Shuijingzhu - Ancient Chinese Geographical Book
The Shuijing (水经) "The river classic" was an ancient Chinese geographical book describing the course of rivers. It had been transmitted as a core component together with its commentary, the Shuijingzhu (水经注) "Commentary to the river classic". The classic had been written by Sang Qin (桑钦) during the Three Kingdoms period (220-280), the commentary by Li Daoyuan (郦道元) during the Northern Wei period (386-534). The original text contained 40 chapters (juan, "scrolls") of which 5 were lost. Later some chapters were divided in order to regain the original number.
Li Daoyuan acted on a lot of high posts in the local administration. In 527 he was assassinated by a the rebel Xiao Baoyin (萧宝夤).
For his commentary Li Daoyuan did not only have the necessary geographical experience from his profession when he was inspecting canals, dykes and river, but he also studied a lot of old and contemporary books on geography. The original Shuijing only dealt with 137 rivers, and Li Daoyuan added so much information about other rivers that the Shuijingzhu can not dealt with as a commentary but is in fact a book of its own. It is twenty times as large as the old Shuijing and discusses the geographical course and the cultural background of 1,252 rivers and creeks. The importance of the Shuijingzhu lies in its character as a vast treasury for all types of information on the local economy, society, and geography, not only during the Northern Dynasties period but through the ages. The rivers are described from their source, with the tributaries, river forks and so on down to their estuary mouth. All this is very important information for the reconstruction of the early Chinese hydrologic environment. Li Daoyuan, collecting written sources and writing from his own experience, is very cautious towards his sources. This makes his book even more valuable. One exception is that he was not able to deal with rivers of southern China with the same diligence as that of the north because China was divided at that time.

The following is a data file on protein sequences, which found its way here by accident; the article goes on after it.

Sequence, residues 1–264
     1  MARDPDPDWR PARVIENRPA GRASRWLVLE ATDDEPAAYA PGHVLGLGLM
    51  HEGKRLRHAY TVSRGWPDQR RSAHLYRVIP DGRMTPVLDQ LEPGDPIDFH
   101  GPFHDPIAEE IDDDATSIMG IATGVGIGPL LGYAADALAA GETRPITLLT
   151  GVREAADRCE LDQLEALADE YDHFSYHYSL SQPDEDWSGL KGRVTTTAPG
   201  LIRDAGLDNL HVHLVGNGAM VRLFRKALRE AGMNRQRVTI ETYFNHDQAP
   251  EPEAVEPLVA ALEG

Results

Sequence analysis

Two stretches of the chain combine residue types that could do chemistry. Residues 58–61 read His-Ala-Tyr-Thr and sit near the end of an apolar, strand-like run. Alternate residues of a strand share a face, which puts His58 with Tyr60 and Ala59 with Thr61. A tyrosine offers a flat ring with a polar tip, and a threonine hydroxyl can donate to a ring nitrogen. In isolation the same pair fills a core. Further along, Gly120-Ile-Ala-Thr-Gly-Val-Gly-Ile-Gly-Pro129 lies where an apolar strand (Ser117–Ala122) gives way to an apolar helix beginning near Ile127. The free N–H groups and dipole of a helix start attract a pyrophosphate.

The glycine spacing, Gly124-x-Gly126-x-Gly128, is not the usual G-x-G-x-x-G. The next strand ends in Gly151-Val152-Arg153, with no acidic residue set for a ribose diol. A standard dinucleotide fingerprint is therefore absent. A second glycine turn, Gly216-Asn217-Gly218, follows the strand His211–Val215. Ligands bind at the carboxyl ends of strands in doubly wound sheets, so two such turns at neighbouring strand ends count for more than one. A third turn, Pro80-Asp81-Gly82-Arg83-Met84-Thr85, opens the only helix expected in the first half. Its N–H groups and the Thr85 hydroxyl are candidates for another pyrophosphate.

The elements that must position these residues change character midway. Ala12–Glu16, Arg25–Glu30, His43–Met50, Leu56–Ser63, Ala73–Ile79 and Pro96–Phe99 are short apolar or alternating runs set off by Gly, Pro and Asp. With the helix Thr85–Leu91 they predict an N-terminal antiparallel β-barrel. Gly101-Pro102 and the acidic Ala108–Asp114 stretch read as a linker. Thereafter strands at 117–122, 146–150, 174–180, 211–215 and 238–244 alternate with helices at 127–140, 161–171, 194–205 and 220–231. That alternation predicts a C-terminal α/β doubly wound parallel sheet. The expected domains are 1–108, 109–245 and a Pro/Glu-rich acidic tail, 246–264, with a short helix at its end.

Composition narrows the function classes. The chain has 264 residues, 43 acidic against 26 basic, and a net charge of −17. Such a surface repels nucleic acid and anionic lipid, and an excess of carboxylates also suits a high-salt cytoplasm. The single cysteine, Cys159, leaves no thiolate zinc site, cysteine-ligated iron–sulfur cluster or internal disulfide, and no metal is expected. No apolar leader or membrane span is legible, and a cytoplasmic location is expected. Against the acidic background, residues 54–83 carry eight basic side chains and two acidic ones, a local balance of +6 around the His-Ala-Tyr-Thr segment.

During the ages many errors have crept in, mainly in places where the old Shuijing was confused with Li Daoyuan’s part. The Qing period (1644-1911) scholars Quan Zuwang (全祖望), Zhao Yiqing (赵一清) and Dai Zhen (戴震) tried to amend those errors. In the late 19th century Yang Shoujing (杨守敬) collected those commentaries in his publication called Shuijingzhu shu (水经注疏).